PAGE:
COTS EW Threat

Following the conclusion of the Cold war (1945 – 1990) militaries such as the UK Army have not faced a formal Electronic Warfare threat to tactical systems. This, coupled with the rise of integrated computing systems that have gateway access to the Internet have refocused threat assessments and risk mitigations toward Cyber vulnerabilities including Malware and Advanced Persistent Threats (APT) rather than the hostile act of locating, de-modulating and intercepting the communications on a wireless connection. This, however, will change with the advent and commercialisation of advanced Software Defined Radios (SDR’s).

Software Defined Radio (SDR) has its origins in work conducted by the US Department of Defence in the 1970’s with the term Software Radio established in 1984 by a team of engineers working for a division of E-Systems. This original concept gained traction with various US governmental agencies, from which modern SDR programmes have developed.

The United States of America’s Department of Defence has had several programmes to develop SDR technology towards practical use from these early days. Specifically, the SPEAKeasy programme was developed to demonstrate the practical use of SDR for the air force that could tune in a range between 2MHz to 2GHz, allowing the integration of Ground, Air, Naval and Satellite radios. Since inception, these new types of radio are beginning to be widely adopted for military and civilian use.

SDR’s themselves establish elements of the analogue radio receiver in software, allowing the designer to establish flexible radio designs. Prior to the establishment of SDR platforms, a radio (once designed) was generally fixed in function until a circuit modification was conducted to re-purpose the receiver either for a different frequency band or modulation scheme.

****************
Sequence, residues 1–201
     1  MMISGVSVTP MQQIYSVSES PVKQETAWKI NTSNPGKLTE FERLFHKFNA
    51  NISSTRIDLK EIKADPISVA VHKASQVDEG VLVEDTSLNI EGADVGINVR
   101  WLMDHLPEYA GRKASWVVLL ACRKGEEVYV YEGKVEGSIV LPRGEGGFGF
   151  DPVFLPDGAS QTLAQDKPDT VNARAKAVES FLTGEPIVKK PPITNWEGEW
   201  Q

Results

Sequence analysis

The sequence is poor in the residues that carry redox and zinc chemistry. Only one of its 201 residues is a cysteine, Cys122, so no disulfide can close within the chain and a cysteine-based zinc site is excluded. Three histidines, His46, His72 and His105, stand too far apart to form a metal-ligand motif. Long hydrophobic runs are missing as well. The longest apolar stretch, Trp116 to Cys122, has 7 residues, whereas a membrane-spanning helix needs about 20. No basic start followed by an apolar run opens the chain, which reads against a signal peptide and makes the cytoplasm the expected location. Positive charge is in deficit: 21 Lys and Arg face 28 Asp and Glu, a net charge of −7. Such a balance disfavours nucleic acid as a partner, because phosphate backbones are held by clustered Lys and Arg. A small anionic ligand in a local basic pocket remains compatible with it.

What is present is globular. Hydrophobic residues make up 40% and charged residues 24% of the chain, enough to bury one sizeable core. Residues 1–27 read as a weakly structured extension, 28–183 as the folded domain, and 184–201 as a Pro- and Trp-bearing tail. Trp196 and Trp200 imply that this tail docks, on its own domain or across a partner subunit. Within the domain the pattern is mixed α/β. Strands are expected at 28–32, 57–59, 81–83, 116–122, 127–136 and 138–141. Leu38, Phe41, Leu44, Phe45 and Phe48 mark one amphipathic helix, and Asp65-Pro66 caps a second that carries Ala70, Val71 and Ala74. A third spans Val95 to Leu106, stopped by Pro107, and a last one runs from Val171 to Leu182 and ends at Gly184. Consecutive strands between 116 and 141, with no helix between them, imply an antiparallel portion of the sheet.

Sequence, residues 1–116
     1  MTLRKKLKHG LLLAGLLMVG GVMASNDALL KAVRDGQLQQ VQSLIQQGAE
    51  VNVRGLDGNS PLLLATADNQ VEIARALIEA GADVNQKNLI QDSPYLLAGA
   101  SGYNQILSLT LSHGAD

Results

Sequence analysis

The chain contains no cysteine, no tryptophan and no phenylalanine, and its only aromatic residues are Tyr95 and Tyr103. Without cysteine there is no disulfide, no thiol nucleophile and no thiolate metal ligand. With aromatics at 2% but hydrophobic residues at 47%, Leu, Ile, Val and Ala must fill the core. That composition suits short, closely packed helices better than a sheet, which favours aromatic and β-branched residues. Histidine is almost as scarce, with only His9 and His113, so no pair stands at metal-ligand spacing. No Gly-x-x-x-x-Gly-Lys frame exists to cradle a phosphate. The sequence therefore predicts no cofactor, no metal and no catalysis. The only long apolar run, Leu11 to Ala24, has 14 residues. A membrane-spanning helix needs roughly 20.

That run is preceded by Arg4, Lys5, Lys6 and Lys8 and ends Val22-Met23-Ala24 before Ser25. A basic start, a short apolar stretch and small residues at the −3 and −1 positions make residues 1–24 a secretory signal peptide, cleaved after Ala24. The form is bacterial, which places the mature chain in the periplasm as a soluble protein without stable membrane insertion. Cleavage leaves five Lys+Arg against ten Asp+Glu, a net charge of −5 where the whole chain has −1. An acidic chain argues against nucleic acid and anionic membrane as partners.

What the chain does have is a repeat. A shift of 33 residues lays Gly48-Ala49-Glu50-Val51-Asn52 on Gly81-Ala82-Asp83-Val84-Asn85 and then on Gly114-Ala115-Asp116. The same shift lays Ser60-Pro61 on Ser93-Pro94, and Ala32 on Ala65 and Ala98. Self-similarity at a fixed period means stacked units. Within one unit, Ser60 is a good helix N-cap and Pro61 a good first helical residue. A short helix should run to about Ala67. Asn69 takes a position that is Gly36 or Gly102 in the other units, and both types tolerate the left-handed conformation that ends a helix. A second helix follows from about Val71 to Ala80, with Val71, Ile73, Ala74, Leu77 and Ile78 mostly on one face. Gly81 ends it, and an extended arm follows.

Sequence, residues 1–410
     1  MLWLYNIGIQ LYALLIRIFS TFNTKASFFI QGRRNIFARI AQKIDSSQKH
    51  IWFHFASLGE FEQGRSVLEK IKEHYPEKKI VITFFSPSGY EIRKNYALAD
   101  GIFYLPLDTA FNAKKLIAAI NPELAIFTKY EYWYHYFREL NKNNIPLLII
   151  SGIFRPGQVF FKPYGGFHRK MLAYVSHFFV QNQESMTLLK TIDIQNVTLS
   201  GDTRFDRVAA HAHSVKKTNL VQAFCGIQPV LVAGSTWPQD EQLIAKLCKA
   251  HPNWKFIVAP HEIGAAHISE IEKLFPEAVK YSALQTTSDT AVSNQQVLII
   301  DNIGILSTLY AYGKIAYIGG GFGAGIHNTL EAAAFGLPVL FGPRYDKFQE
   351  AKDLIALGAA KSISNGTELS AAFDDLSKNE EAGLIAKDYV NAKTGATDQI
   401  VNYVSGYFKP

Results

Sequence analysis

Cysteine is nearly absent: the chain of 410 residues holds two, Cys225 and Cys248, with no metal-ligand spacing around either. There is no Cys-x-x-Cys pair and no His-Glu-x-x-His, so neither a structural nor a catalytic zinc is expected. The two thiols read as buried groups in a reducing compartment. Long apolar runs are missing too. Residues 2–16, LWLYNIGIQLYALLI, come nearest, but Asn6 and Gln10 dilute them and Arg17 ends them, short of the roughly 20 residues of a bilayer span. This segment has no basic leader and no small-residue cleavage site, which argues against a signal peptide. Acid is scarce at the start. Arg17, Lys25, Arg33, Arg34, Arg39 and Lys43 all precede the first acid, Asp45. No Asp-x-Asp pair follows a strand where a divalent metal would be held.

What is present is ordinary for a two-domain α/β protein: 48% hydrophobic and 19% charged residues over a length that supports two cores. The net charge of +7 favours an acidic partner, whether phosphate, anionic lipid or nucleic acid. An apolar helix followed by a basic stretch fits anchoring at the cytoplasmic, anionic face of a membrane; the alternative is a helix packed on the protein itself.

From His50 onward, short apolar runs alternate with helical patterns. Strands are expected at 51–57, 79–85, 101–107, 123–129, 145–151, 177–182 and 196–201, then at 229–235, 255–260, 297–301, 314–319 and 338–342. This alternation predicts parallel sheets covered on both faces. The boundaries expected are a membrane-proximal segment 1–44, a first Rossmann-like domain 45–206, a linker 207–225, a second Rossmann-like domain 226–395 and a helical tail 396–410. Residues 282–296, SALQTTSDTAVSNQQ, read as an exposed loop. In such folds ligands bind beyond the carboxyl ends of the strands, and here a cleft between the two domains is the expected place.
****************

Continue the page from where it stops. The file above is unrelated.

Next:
Relatively recent System on Chip solutions from companies such as Lime Micro Systems and Analogue Devices, offer direct Radio Frequency to digital interfaces. These chipsets provide a very wide RF front end (typically KHz – GHz) with RF bandwidth ranges of between 50 and 150MHz. These products, when integrated with a powerful Field Programmable Gate Array (FPGA) and Digital Signal Processing (DSP) produce a powerful SDR platform.

Companies such as Nuand and Ettus Research have developed commercially available implementations that can be COTS EW Threat integrated with open source software platforms such as GNU Radio and GQRX in order to provide a functioning SDR solution.

These provide a low cost and wide bandwidth capability that can be used to survey a very large portion of the electromagnetic spectrum instantaneously. The pricing of these devices range from as little as £19 up to £6000. This removes the barriers of cost for access to high performance radio receivers that previously kept this capability out of the reach of the hobbyist or hacker.

During a presentation to Defcon 21 Balint Seeber presented a comprehensive overview of the possibilities of using GNU radio along with an Ettus Research USRP SDR platform for intercepting and decoding a wide variety of radio protocols. Using GNU radio as a signals intelligence toolkit Balint was able to intercept Mode S IFF transponders, 2G GSM, 802.11agp, Automatic Identification System (AIS), Aircraft Communications, Addressing and Reporting System (ACARS) along with the automatic toll payment system FasTrak.